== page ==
I think to see the ghost players, you have to have a certain amount of faith in the unknown and unexplained. Timothy Busfield (who you don’t love because you haven’t seen The West Wing yet) stumbles upon the truth of the situation only after Doc Graham steps off the field, so maybe the scare of Gaby choking forced him to see it? It’s not explained, but that makes some kind of sense to me.

I actually have been to Iowa, and my family indeed visited the farm and baseball field. It was sort of curious; the family owned the farm but didn’t own the baseball field, so there were two gift shops, one owned by the family and one owned by (I think) the film studio. They had the usual plaques up describing the filming of the movie, and you could play baseball on the field if you threw them some additional money. At least that’s my long-ago memory of the situation. And it was about 100 degrees with 80% humidity, so my bet is that we didn’t stay long. It was still a cool place to visit, if sort of expected for an Iowan cornfield and farmhouse.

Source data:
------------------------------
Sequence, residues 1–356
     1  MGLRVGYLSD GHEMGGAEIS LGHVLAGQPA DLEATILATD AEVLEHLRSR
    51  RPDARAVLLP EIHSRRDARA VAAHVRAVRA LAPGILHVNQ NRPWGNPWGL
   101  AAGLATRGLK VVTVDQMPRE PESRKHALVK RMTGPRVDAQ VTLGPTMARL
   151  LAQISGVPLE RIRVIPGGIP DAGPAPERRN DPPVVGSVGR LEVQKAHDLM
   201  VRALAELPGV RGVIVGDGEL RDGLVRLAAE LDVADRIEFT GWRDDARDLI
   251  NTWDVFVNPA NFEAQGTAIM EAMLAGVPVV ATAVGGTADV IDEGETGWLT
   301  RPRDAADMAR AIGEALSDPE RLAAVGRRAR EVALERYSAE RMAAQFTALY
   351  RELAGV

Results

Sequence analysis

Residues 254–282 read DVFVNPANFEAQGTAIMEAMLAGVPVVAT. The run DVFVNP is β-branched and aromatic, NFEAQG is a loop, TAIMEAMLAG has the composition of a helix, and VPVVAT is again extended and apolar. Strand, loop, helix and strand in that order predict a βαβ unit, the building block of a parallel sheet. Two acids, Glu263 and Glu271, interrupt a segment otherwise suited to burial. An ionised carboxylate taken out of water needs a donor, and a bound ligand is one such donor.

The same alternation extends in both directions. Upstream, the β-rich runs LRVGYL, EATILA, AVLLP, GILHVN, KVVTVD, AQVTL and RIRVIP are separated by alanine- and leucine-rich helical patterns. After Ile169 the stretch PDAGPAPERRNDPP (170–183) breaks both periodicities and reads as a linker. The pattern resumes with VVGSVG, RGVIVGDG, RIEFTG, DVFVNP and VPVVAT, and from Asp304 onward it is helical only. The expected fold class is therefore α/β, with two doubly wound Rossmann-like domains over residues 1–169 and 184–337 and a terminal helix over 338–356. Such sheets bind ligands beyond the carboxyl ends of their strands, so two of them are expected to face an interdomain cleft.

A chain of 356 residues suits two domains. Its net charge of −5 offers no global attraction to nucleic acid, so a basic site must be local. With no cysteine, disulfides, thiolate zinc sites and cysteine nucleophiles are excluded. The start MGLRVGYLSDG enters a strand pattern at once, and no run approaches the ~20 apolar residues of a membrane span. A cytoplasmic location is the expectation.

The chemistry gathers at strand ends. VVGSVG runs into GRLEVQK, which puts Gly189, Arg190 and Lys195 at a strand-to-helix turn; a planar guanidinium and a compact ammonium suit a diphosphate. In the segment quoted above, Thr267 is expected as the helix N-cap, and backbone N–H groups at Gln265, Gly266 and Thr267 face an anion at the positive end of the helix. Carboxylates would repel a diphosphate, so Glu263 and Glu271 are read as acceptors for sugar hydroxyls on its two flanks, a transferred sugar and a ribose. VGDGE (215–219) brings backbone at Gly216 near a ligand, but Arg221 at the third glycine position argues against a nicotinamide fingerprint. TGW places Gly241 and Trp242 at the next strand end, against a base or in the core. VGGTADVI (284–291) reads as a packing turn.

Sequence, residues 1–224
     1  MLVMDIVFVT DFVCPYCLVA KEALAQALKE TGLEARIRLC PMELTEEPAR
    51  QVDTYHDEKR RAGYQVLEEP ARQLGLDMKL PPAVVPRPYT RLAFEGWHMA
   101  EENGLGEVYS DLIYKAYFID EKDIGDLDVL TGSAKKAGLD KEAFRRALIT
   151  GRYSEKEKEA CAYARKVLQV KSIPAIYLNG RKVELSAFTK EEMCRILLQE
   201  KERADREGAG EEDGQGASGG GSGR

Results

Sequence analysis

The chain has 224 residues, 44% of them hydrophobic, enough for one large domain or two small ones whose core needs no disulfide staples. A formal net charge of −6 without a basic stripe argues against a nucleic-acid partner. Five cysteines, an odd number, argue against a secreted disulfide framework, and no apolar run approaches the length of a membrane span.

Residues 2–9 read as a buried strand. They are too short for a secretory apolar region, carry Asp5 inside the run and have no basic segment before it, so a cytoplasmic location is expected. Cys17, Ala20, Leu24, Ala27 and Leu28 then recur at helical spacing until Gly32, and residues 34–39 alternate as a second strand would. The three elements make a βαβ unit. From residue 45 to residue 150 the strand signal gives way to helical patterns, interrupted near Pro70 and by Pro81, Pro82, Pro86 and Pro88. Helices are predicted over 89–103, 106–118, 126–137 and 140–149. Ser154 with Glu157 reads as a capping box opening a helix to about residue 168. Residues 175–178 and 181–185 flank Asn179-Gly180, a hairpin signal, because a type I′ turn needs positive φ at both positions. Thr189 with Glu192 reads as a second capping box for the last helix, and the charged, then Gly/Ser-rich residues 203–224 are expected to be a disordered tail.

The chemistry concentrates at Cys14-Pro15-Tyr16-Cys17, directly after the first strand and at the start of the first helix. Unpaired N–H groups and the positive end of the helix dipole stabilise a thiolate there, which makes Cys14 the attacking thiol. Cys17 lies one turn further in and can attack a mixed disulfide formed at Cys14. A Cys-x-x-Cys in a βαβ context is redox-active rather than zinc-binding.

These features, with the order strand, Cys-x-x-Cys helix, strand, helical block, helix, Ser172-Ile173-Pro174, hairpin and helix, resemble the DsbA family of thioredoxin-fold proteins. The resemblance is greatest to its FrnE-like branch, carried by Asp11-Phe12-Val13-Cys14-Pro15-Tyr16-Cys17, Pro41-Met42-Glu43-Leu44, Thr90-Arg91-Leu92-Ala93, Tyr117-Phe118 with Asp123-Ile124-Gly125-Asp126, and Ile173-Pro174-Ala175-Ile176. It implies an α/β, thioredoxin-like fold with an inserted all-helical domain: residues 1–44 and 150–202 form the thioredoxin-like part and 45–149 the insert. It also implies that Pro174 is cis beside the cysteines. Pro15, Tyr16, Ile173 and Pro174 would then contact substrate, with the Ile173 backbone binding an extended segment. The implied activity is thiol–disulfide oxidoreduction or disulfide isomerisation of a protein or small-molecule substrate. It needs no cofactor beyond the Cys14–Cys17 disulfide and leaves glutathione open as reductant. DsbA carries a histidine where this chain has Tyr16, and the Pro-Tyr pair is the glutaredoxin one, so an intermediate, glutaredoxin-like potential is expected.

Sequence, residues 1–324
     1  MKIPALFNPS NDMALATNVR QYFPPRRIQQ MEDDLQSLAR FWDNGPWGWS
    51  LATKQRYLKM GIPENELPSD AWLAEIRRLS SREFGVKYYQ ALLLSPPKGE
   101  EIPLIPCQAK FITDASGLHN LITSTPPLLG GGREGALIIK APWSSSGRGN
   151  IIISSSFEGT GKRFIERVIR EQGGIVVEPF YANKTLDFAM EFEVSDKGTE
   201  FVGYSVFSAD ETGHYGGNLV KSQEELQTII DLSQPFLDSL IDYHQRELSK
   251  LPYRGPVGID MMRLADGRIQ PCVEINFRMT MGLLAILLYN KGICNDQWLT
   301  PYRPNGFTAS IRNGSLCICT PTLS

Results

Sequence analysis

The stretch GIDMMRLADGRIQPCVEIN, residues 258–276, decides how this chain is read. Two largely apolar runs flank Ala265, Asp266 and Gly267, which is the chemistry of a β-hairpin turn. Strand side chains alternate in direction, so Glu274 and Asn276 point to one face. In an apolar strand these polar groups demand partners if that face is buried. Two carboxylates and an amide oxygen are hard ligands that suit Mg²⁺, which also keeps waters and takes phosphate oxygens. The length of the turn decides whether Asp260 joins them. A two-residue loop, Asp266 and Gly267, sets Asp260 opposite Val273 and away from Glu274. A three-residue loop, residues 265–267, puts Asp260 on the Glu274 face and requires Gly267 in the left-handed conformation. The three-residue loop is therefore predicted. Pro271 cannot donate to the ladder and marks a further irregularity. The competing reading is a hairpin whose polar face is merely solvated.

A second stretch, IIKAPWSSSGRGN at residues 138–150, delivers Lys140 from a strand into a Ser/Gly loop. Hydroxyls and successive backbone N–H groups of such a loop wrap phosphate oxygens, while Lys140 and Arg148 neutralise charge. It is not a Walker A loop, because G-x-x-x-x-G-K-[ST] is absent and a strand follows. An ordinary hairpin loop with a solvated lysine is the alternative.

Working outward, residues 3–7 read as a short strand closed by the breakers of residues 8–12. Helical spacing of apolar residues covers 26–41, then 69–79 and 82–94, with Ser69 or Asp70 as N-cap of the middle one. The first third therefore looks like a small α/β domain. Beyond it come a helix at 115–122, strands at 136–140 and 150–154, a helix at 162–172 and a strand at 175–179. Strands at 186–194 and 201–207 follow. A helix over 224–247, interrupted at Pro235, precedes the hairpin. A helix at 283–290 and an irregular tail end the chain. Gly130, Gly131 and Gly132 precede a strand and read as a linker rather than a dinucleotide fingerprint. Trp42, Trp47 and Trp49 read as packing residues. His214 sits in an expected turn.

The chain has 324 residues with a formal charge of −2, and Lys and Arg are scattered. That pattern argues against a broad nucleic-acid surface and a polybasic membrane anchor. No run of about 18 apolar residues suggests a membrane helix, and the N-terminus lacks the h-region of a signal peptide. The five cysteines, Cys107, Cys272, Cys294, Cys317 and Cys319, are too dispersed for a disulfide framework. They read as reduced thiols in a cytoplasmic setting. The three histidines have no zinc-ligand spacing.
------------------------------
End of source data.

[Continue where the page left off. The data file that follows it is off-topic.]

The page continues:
So yes, in short, if you build it, I’ll probably show up, especially if we can listen to James Earl Jones give us life advice.

B: Wow, I have been to Iowa many times and didn’t know that was a thing, but I’m willing to wager that regular, creepy cornfields are more inspirational than one that is being used as a tourism cash grab… unless James Earl Jones is on hand.


We’re coming back to the present, and our wheelhouse for the next entry, a 2018 gem called Love, Simon.

 

Main image credit: Universal Pictures

About Annemarie Moody Miller

We Write Things Co-Scribbler-in-Chief. Wordsmith. Globetrotter. Shark Enthusiast. Denver Native. I like to write and read all the things.